GOVERNMENT was warned of the consequences of a chaotic land reform exercise 12 years ago but chose to implement its fast track land programme anyway in 2000, it emerged this week.
A letter in the possession of the Zimbabwe Independent, written to the Office of the President in February 1992 by Reverend Gary Strong, a retired Methodist clergyman and former head of World Vision Zimbabwe, warned the government against the enactment of the Land Acquisition Bill (1992), which became law in the same year.
Strong advised the government that land reform had to be done in an organised way and that government should let an “independent judiciary remain the final arbiters of what is just and fair regarding the rights of land ownership”.
A copy of government’s reply to Strong, dated March 5 1992, and signed by the late Vice-President Simon Muzenda, dismissed his suggestions.
Strong outlined 18 points in which he predicted disaster if government embarked on an unplanned land reform.
This took the form of farm invasions spearheaded by so-called war veterans starting in February 2000 after government lost a constitutional referendum that would have allowed it to seize land without having to pay compensation to the owner.
Strong’s letter cited Mozambique and Angola whose wholesale expulsion of whites led to decades of economic woes. Zimbabwe faced the same fate if it chose the way of chaos, Strong predicted.
A disorganised land reform, the letter warned, would lead to greedy politicians grabbing land for themselves and owning many farms at the expense of the landless black majority.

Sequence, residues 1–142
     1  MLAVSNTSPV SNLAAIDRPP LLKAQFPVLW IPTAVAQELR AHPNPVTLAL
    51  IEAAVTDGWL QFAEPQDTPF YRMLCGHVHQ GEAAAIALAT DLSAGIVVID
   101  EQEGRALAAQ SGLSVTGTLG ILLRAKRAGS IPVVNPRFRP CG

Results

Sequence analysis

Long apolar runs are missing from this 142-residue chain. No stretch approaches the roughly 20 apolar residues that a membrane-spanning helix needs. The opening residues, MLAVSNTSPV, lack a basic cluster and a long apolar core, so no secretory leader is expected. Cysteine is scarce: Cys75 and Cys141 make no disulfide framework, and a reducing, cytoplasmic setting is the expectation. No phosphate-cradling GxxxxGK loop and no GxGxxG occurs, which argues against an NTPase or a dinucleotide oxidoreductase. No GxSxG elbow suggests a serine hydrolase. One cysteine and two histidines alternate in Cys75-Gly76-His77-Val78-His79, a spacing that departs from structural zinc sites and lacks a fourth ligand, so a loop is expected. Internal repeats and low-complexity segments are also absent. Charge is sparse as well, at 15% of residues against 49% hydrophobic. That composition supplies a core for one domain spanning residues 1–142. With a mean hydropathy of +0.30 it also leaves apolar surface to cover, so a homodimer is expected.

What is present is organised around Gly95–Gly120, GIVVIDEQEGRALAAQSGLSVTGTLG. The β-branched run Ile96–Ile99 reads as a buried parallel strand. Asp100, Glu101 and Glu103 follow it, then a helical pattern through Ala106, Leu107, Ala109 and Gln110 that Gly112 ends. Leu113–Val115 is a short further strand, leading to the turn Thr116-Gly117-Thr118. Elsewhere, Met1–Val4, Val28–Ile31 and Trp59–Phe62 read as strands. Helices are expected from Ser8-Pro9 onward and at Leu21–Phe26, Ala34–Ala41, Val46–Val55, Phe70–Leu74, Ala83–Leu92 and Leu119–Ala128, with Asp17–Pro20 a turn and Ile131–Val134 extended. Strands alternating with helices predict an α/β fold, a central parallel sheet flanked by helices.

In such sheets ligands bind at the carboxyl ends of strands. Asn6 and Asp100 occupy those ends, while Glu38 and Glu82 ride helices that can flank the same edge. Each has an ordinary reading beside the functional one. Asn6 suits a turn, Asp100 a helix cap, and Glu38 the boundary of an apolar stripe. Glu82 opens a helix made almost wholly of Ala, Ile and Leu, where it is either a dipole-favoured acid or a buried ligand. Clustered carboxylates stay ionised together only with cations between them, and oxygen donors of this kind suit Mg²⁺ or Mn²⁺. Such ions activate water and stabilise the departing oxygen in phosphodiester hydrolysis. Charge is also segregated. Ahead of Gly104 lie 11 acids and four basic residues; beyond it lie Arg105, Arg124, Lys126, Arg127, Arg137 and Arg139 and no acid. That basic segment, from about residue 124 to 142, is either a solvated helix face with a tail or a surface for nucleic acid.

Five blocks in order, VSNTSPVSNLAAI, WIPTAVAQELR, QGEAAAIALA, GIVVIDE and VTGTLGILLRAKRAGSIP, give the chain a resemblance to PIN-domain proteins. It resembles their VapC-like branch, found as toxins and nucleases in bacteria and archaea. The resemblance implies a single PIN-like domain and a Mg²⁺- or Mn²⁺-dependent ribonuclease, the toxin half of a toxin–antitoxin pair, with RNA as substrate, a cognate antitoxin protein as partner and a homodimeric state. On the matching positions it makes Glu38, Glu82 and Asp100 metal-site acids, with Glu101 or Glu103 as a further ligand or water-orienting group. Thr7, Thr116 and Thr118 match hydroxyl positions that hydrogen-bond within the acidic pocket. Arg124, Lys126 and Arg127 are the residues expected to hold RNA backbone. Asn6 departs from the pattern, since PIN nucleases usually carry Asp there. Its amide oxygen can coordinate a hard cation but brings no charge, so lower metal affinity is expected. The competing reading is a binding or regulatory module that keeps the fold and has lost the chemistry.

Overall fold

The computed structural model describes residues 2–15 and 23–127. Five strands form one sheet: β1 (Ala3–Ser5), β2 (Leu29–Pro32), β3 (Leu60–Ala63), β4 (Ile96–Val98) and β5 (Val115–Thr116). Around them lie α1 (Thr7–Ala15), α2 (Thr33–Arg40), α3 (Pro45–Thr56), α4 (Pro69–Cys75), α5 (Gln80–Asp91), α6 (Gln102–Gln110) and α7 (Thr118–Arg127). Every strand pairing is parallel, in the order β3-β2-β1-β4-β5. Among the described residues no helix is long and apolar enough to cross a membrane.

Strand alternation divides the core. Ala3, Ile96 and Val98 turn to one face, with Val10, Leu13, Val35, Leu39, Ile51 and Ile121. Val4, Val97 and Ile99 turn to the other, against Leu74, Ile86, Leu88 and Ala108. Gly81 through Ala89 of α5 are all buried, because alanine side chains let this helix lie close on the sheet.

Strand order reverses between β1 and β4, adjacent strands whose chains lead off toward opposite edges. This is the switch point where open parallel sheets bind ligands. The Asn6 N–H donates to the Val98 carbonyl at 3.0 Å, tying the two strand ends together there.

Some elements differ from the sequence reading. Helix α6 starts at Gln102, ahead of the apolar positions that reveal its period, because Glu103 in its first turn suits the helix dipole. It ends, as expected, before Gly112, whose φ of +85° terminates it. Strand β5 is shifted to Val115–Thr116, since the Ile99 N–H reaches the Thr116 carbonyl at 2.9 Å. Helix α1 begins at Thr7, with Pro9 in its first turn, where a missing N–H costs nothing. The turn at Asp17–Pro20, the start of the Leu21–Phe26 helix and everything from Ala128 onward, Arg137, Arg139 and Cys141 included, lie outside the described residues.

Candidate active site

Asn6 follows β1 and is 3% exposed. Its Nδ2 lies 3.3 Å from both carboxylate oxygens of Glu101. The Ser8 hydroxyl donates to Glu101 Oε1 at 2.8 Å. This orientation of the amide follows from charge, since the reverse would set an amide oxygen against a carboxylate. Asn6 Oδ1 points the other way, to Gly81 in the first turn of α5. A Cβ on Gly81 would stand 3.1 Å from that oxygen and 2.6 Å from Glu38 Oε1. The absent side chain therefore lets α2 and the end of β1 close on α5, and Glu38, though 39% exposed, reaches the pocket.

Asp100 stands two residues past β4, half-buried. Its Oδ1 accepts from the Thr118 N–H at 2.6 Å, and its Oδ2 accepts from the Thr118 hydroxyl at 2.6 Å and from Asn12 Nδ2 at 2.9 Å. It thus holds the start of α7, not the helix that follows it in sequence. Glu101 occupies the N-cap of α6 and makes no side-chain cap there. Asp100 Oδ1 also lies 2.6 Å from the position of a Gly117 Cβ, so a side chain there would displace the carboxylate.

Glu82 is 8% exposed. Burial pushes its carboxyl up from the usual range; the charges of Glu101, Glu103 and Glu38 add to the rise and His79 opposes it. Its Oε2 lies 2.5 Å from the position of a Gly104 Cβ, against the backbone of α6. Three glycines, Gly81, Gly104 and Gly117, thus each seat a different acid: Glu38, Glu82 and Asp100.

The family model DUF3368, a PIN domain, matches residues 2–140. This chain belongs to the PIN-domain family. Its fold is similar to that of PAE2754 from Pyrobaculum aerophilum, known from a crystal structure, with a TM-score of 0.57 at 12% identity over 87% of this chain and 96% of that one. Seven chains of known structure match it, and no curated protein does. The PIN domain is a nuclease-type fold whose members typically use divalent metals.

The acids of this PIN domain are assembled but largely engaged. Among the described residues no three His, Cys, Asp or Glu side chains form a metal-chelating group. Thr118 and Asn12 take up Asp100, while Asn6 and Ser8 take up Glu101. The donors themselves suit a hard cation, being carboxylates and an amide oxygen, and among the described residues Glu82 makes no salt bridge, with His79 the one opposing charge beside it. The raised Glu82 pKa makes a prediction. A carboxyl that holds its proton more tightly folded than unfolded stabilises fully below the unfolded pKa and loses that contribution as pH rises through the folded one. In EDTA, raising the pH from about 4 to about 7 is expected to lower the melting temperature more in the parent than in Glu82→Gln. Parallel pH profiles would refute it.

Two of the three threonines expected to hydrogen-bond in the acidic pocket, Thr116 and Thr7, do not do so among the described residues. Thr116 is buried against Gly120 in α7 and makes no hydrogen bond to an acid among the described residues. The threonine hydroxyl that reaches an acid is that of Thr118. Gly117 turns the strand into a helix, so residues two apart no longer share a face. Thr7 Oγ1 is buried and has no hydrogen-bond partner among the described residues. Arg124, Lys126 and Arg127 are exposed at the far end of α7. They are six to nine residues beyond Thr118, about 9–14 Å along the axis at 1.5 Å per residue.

Strong’s letter said the government wanted to implement the land reform programme for populist reasons.
“I believe the Bill is designed to win the popularity of Zanu PF rather than for the good of the nation,” he said.
Strong argued in his letter that government needed a proper budget to undertake such a big exercise. He also said farm workers would be adversely affected by the land reform process.
Strong also warned of an ecological disaster if land reform was not properly implemented and closely monitored. Recent resettlement has led to reports of rampant poaching and deforestation.
However, Environment and Tourism minister Francis Nhema dismissed such reports saying: “Reports that land reform has destroyed the environment are not true. Clearing of the land was done in areas that had been lying fallow for cultivation purposes. Animals were relocated to avoid poaching in areas where people were resettled close to game reserves.”